PAT McDER­MOTT: sum­mer hol­i­day mad­ness

Peo­ple do crazy things when sum­mer is on the way.

The Australian Women's Weekly - - Contents - WITH PAT McDER­MOTT AWW

There’s the dispir­it­ing troll through the shops in search of swim­mers. Then hol­ing up in a chang­ing room the size of a phone booth but with oor to ceil­ing mir­rors. Just in case you needed re­mind­ing that not only does your bum looks big in that – it looks big in ev­ery­thing!

I’m not my best in sum­mer. I stick to bus seats and my eyes are bleary from the sun­screen I slap on. The “ ap ap” of thongs makes me a lit­tle crazy.

“You’re just jeal­ous,” says the MOTH (The Man of the House) as he “ aps” past. He grew up on the North Coast of New South Wales with the sand, the sun and the sea.

He loves Vegemite, kan­ga­roos, Holden cars and swims like a sh. I like peanut but­ter, maple syrup and not get­ting my hair wet.

I’ve de­vel­oped a swim­ming style all my own. It’s part se­date breast­stroke, part dog pad­dle. My chil­dren snort with laugh­ter but my $140 “colour and cut” stays in­tact.

The num­ber one crazy thing Aus­tralians do in sum­mer is book a hol­i­day house. We did this more than once be­cause McDer­motts are slow learn­ers.

Why, I’d ask my­self ev­ery year, would two sen­si­ble adults, ve chil­dren and a dog leave a com­fort­able home with a work­ing wash­ing ma­chine and a big screen tele­vi­sion and drive for hours to stay in a musty, over­priced hol­i­day at?

“A fully-equipped musty, over­priced hol­i­day at,” the MOTH cor­rected me.

Our ve chil­dren, one lit­tle friend and the “dog of the day” were dis­trib­uted evenly be­tween suit­cases, beach toys, es­kies, pil­lows, tow­els and the MOTH’s shing rod pok­ing out a win­dow. The MOTH had been hunt­ing for Moby Dick ev­ery sum­mer of our mar­ried life. He wasn’t go­ing to stop now.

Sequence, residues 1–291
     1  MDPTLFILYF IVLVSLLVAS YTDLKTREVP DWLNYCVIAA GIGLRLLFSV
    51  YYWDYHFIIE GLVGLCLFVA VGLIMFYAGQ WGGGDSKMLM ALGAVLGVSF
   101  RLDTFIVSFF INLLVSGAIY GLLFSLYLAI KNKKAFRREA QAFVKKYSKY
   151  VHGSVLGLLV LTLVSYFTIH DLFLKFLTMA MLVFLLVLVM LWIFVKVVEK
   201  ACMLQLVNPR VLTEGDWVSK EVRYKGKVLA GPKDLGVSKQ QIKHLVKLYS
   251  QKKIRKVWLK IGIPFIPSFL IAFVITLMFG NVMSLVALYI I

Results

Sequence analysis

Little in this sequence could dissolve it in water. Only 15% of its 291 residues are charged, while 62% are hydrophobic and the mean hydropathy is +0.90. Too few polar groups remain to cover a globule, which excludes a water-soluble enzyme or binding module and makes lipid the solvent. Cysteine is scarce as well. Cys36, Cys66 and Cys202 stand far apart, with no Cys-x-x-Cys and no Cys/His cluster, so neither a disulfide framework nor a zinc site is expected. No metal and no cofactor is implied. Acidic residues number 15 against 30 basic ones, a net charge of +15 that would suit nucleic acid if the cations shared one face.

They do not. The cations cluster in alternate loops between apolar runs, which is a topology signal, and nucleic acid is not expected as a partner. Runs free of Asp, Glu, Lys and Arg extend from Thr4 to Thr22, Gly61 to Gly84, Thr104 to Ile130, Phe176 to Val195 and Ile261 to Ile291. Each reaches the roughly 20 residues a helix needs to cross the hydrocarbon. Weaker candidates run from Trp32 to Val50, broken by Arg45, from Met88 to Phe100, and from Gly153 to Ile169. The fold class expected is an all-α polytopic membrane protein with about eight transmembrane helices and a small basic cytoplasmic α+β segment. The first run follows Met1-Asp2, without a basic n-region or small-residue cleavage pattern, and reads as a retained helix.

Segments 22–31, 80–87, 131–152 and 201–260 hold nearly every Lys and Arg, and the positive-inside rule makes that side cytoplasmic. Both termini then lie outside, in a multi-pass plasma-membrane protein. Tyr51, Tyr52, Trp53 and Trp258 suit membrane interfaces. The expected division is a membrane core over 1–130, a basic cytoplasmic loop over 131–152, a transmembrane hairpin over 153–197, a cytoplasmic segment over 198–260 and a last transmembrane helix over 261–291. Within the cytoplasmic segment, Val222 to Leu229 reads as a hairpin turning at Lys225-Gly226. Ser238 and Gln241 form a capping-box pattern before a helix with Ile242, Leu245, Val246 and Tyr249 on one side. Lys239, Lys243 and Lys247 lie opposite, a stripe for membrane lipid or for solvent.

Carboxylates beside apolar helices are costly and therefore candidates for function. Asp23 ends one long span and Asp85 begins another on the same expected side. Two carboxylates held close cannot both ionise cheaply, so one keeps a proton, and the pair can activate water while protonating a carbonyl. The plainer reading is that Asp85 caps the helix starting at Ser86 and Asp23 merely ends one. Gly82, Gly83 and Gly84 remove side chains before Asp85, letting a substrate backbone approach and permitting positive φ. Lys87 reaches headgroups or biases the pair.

When pack­ing the car I tried to be fair. Ev­ery­one was equally un­com­fort­able.

“Are we hav­ing fun yet?” a small voice asked as we backed down our drive­way.

“A new record!” an­nounced the MOTH, check­ing his watch.

“How much longer?” asked an­other whiny voice.

“Look for the big ba­nana/merino/ prawn!” I’d say. “Then it will be an­other four hours!

“Make that eight hours,” said an older, wiser child.

When we did ar­rive, hot, rum­pled and stiff, the hol­i­day at was al­ways ev­ery­thing the MOTH promised and more.

There was a dusty air con­di­tioner in the only win­dow with a water view, and four bed­rooms with pa­per-thin walls. I saw at a glance that the sticky kitchen drawer held ev­ery­thing a fam­ily on hol­i­day needed – one ser­rated grapefruit knife, one melon baller and one des­ic­cated cock­roach.

The MOTH went to see a man about a corkscrew. I checked out the vinyl sofa (takes a layer of skin off on a hot day), the stain on the car­pet in the shape of Aus­tralia and the laun­dry. “One beach towel at a time” warned a sign on the wash­ing ma­chine.

The next day I trot­ted down to the corner cof­fee shop and met some­one from the kids’ school. I wasn’t wear­ing a bra or make-up but she was. The bloke next door caught sh. The MOTH didn’t.

So why do we do it each year? Be­cause it feels so good when it’s over that, some­times the bliss lasts all the way to Easter.

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